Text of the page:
Classical guitar marries and muddles the line between the street and the chamber hall, between a “popular” instrument of the masses and an “elite” genre of music.

“We can play James Taylor and we can play Bach,” said Kritzer, describing the guitar’s mobility and versatility.

With the angle of his wrist on the wood and the stroke of his fingers on the strings, Kritzer draws out a wide, exquisite tonal range.

“You feel like you’re a painter with a palette for 50 different colors,” he said.
screenshot-2016-10-06-12-17-01Sitting in his small home studio that opens up to a verdant yard, Kritzer demonstrated the colors he could evoke with different musical phrases.

“You can take your right hand and move it down towards the bridge of the guitar, and when you play down there, the sound is real brittle, and bright. It has a real distant … sound to it,” said Kritzer. “If you bring your hand to the opposite side of the guitar, it is a rich, warm, beautiful sound.”

Kritzer owns only one guitar, custom-designed by renowned maker Jeffrey Elliott, and has played it since 1989.

“Because these things die out. If you don’t play these guys for a few weeks, the wood stops moving. It needs to be exercised. It likes to be talked to, you know?” said Kritzer.

The guitar’s materials, a combination of European spruce and African blackwood, make all the difference. Whenever Kritzer has a few minutes to spare, he picks it up.

“I’ve held this thing in my lap more than I’ve been married, more than my kids have been alive,” said Kritzer. Playing the guitar “got me through puberty, through a divorce.”

While he admits that it’s hard to stay away from his guitar, Kritzer admits that sometimes, distance is what he needs to really understand a piece of music.

He spent several afternoons this month sitting in his garden, practicing pieces on a keyboard.

“I realized things like, ‘I didn’t know that voice was there,’ or ‘that doesn’t sound right,’” said Kritzer. “The translation can be effective if you take yourself out of playing it all the time.”

To this day, Kritzer finds himself breaking new guitar ground — all thanks to teaching.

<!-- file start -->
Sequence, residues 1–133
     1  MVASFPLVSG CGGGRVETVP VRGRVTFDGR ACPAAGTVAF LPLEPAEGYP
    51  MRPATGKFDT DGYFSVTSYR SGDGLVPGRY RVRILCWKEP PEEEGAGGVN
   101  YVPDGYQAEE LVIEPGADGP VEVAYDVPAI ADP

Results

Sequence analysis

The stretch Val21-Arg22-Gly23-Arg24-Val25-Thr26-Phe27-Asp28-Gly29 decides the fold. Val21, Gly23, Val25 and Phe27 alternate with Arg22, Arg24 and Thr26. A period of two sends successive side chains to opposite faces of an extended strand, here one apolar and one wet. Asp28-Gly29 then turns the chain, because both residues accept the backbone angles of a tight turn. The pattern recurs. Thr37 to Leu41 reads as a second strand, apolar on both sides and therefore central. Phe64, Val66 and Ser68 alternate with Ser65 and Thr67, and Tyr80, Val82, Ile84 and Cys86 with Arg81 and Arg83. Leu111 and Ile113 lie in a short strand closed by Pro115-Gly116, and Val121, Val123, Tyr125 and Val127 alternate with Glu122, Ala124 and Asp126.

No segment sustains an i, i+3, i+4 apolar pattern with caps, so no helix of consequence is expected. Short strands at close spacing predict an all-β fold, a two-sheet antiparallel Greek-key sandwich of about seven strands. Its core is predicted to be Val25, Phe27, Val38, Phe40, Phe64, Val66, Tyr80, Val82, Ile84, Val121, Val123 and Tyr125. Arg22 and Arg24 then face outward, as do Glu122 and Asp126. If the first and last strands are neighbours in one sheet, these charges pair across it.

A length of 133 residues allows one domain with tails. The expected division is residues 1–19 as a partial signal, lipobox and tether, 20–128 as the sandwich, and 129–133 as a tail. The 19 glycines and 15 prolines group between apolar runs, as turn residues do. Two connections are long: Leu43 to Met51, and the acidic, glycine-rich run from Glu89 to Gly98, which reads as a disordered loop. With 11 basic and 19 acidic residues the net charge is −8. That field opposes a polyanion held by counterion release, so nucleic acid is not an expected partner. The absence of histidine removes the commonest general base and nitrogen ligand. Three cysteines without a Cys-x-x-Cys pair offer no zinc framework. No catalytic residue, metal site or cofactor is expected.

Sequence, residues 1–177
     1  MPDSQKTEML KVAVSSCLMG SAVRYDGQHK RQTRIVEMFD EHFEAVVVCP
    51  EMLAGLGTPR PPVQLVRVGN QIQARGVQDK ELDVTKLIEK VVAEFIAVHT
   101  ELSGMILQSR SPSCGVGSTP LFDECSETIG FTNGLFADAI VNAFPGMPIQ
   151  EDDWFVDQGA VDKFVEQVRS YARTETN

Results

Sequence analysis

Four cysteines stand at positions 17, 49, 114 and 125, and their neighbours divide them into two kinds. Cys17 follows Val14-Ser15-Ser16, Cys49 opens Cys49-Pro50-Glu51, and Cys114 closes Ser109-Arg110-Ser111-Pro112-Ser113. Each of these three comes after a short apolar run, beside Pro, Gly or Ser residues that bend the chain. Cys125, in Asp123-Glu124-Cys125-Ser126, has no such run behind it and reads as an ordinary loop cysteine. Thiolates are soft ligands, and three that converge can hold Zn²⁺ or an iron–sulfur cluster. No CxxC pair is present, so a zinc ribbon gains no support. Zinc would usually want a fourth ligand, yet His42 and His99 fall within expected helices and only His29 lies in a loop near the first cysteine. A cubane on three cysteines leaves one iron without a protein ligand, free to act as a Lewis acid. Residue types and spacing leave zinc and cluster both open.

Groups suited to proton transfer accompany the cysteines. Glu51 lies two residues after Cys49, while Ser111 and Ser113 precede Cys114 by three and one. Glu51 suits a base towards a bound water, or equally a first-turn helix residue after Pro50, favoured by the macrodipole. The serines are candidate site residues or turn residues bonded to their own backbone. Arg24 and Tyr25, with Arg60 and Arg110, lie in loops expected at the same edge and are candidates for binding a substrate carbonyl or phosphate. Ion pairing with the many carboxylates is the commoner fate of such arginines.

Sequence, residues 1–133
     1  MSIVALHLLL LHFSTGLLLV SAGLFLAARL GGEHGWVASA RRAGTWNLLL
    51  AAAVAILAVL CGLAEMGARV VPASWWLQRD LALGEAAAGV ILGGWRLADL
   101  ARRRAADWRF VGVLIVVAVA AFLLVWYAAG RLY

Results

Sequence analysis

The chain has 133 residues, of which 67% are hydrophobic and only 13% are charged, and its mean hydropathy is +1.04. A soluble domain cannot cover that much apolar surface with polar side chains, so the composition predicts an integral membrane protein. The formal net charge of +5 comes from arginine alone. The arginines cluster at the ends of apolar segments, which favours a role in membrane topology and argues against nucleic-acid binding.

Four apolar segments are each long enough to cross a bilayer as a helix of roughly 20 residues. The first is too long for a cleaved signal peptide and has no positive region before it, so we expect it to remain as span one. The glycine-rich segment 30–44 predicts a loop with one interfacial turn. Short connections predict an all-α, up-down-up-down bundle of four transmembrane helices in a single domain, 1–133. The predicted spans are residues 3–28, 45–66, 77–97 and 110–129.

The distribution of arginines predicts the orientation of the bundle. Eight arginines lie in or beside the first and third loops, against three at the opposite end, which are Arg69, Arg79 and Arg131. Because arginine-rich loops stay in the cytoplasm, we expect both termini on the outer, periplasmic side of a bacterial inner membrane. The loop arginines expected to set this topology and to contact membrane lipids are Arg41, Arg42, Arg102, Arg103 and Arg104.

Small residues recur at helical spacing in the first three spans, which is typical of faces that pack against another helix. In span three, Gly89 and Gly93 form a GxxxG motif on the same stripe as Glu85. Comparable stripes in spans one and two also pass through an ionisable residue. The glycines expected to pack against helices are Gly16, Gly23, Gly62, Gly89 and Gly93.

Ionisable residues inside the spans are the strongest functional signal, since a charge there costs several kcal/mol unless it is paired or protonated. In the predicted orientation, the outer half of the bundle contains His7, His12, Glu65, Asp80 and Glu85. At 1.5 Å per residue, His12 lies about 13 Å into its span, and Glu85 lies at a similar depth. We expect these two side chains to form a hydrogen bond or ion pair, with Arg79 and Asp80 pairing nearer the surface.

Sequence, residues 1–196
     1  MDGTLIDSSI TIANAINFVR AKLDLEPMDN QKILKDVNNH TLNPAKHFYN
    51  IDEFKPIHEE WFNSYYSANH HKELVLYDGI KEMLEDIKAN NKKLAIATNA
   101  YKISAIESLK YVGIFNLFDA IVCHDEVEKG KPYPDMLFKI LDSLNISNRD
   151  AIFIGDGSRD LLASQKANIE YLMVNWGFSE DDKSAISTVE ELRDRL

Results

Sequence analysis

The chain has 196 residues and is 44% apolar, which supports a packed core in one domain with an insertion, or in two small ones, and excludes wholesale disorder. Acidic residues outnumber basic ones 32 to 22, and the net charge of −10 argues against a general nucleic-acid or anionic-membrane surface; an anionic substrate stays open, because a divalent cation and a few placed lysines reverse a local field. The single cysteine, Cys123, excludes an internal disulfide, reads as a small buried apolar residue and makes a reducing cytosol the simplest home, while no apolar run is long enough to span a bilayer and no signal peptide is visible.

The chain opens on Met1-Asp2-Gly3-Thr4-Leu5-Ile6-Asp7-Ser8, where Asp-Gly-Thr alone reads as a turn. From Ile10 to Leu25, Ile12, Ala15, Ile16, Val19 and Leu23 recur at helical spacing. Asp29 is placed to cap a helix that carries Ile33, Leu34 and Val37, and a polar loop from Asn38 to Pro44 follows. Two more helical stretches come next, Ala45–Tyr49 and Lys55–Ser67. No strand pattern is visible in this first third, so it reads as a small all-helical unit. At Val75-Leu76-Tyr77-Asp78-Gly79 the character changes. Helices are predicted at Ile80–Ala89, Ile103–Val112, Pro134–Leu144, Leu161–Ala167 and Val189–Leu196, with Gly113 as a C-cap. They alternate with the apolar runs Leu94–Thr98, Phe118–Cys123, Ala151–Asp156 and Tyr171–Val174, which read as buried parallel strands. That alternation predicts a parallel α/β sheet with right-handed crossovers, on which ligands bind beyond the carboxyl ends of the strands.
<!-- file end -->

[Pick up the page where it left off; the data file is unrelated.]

“I’m out there kind of swatting the bushes in the trail, then I take my students and that’s how I teach,” said Kritzer, who explores new concepts with those learning from him. “I don’t know if I could play without teaching.”

Kritzer has spent the past 12 years developing his signature method and writing a technical guide to impart his knowledge, which will soon be published online. Students master hand positions and movements, then learn to “let go” during performances.

“When you can learn to completely relax your hand, the conduit of music opens up to a much broader spectrum,” he said.

Some of his students have performed during a “Fireside Chat” series, informal gatherings that Kritzer holds at Beaverton First United Methodist

Church every month for guitar enthusiasts and the public to share music and ask questions.

At the next event, at 7 p.m. Oct. 6, the theme will be “What Makes Baroque Music Baroque?”

“I thought it would be nice to build community here,” said Kritzer. “(Beaverton) seems like a community that is ripe, artistically and culturally.”

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Upcoming Events

Lots of upcoming events – this is just for the rest of the year. 2017 is equally busy! Performances from the stage, radio, master classes and ensemble offerings. You can try to read the board or just check out my sidebar!


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Guitar Salon with Open Mic featuring Classical Guitarist Scott Kritzer

Scott Kritzer brings decades of performing experience to a series of performance demonstrations ScottKritzer3
called Fireside Chats to be held in the Beaverton First United Methodist Church’s Fireside Room. Kritzer, who often engages his audiences in concert, will discuss the stories behind the music in a friendly, informative and entertaining style.

And prior to each ‘chat’ there will be time for localclassical guitarists to perform. So whether you’re a player or someone who simply enjoys the classical guitar please come and enjoy the evening.